“I’m sick of people telling me I’m going to save the world,” said my friend Eliza over coffee. “I know they mean it as a compliment, but it feels like one hell of a burden.” A charismatic activist, thought-leader, and author, Eliza (not her real name) gives people hope and confidence when both are in short supply. No matter what horrific mass shooting or eco-crisis comes up on the news, Eliza finds a way to help people believe everything will be okay. Her energy seems boundless. It isn’t.
“I’m just so tired,” she told me. “I’ve been doing so much for so long. I know I should keep going. But honestly, I’m not sure I can. I want so much to just be still.”
Eliza said those last three words slowly, with quiet emphasis: Just. Be. Still.
I think we all know how she feels. As the world keeps speeding up, it’s harder and harder to keep pace. We recycle bottles, adopt pound puppies, and post inspirational thoughts on Instagram—only to hear that the Pacific Gyre keeps growing, unwanted pets keep reproducing, and hate speech keeps flowing through the Internet. It’s enough to flatten a superhero.
A few years ago, I hit the limit Eliza may be approaching. I got so tired of trying, so starved for calm, I bought a house at the edge of a national forest. Each day I woke to the sounds of wind and birdsong, nothing else. Then I’d go outside, sit down, and Just. Be. Still.
I thought I’d do this for a week or two before bouncing back to “normal.” Well, not so much. I ended up sitting still every day for months, then years. I began sprinkling myself with birdseed so that sparrows and chipmunks could perch on my crossed legs or open hands and enjoy a snack. I loved their busy little lives, their quick little feet warm on my skin. And I loved just sitting there, still as a stump.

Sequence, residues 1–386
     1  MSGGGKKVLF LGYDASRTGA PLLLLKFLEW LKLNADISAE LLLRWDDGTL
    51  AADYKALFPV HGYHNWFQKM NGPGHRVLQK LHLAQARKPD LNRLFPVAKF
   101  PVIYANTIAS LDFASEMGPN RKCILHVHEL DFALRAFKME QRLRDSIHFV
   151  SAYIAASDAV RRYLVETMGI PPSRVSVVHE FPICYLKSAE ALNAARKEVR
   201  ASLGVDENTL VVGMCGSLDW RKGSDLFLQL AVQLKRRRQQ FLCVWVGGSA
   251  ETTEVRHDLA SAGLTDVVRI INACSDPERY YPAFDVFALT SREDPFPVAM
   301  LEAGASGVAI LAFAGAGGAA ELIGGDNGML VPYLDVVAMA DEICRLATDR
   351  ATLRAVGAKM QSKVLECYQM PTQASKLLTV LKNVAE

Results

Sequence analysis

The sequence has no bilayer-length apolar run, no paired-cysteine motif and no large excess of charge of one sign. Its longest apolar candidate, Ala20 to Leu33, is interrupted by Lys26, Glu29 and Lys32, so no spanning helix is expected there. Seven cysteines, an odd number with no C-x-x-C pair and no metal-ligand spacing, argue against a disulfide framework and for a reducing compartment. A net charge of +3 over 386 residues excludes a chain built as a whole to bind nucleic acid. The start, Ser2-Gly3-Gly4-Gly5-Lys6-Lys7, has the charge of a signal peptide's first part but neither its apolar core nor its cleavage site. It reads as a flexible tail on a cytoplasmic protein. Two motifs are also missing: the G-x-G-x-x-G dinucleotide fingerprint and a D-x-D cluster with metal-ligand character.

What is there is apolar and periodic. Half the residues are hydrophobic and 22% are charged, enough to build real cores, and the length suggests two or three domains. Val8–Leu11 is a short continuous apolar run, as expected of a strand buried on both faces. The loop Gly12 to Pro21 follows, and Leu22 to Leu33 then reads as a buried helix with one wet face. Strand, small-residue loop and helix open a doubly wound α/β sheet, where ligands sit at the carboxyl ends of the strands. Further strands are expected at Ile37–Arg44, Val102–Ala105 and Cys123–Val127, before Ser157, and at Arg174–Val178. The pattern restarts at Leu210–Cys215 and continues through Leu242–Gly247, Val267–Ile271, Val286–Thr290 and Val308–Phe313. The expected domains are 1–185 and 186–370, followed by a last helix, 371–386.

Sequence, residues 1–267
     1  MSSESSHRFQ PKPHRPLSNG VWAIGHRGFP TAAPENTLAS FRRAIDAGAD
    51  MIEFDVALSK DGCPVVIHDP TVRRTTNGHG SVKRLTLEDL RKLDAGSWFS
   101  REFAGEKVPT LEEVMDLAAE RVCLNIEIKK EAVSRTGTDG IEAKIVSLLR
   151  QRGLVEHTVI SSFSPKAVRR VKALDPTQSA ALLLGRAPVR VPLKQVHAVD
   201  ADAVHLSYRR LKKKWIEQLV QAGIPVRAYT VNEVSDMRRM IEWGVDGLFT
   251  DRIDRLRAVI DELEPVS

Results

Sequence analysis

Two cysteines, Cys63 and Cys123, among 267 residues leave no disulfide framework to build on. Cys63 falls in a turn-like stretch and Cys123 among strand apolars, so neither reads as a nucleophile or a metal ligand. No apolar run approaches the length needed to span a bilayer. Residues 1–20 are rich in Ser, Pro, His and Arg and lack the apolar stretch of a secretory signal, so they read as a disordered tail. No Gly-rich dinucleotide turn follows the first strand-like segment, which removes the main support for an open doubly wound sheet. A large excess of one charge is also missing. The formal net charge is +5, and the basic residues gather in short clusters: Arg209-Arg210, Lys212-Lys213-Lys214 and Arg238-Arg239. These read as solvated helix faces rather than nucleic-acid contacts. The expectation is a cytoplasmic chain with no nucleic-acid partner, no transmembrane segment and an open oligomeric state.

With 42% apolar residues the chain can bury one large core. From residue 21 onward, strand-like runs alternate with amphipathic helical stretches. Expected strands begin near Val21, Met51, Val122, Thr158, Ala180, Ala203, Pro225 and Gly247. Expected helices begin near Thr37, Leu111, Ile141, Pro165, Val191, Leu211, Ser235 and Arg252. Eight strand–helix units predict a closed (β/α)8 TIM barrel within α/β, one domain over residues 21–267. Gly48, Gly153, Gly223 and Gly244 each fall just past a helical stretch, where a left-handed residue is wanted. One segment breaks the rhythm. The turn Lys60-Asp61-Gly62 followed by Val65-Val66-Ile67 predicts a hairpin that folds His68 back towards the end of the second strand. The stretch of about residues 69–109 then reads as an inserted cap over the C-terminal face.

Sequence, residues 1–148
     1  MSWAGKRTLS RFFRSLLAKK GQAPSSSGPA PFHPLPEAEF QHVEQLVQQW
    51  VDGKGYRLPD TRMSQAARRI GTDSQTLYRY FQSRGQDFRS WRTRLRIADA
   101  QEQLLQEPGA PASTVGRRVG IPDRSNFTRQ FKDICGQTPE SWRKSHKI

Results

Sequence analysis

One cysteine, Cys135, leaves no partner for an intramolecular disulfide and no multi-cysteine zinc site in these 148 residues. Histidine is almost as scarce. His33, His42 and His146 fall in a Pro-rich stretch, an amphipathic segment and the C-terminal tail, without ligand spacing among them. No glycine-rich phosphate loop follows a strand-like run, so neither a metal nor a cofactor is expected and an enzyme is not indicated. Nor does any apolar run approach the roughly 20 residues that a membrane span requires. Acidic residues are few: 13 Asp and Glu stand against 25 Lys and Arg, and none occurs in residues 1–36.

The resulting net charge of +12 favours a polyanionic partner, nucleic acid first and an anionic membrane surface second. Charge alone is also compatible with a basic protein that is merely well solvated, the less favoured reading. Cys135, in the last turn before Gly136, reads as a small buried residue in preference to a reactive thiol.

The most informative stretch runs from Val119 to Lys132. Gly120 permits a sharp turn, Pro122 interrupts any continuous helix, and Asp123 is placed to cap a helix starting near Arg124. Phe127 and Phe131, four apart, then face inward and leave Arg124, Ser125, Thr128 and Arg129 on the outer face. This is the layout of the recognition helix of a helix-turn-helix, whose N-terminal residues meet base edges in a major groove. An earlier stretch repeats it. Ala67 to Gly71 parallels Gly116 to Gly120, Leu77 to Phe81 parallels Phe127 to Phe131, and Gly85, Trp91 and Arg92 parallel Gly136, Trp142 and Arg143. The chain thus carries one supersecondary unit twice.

For a long time, I felt guilty, telling myself I should get up and get busy, dammit! My smartwatch agreed. Every so often it would tap me on the wrist and flash the words, “Time to stand!” or “Achieve your move goal!” It didn’t say why I should stand at those particular moments, or where those “move goals” came from. Certainly not from me. The watch was pre-programmed by helpful folks who, like you and I, had been taught from the cradle that action is valuable and good, stillness sluggish and bad.
It took a long time for me to realize just how crazy this is.
Our particular society is obsessed with doing stuff, having stuff, focusing on stuff. In school, I’d learned that “reality” consisted of a gajillion tiny bits of stuff bumping into each other. But the truth is that 95 percent of the universe is either “dark energy” or “dark matter.” We don’t know what these things are; we only know what they aren’t. Dark matter is the absence of everything, even space. Dark energy is the absence of all action. Together, these two utterly still things seem to be causing the universe to expand, in a way no one yet understands.
When I think about people who’ve changed the world, I see a strong parallel. It’s in the silence, the not-doing, the unknowing, that human minds can experience huge expansion. Great scientific strides have happened in “the bed, the bath, and the bus;” the places where Archimedes, Descartes, and Einstein happened to be hanging out, not working or even thinking when they suddenly saw the answers to fundamental scientific questions.
Spiritual traditions from everywhere in the world contain powerful stories of stillness. The Old Testament tells us that the prophet Elijah experienced a wind so strong it broke solid rock, “but God was not in the wind: and after the wind an earthquake; but God was not in the earthquake: and after the earthquake a fire; but God was not in the fire: and after the fire a still small voice.” That voice seems to have called Jesus into the desert. Over in Asia, the Buddha sought and sought freedom from suffering but only found it when he was willing to sit and sit.
You don’t have to be an extraordinary person to have extraordinary encounters with stillness. You just have to persist and pay attention. For example, one day as I sat down in the forest and sprinkled myself with birdseed, I was startled to hear a distinct voice say, “Your name is stillness.” Suddenly everything disappeared, and I was floating in a kind of luminous emptiness. It was utterly still but beautiful beyond description. It was bliss. It was home.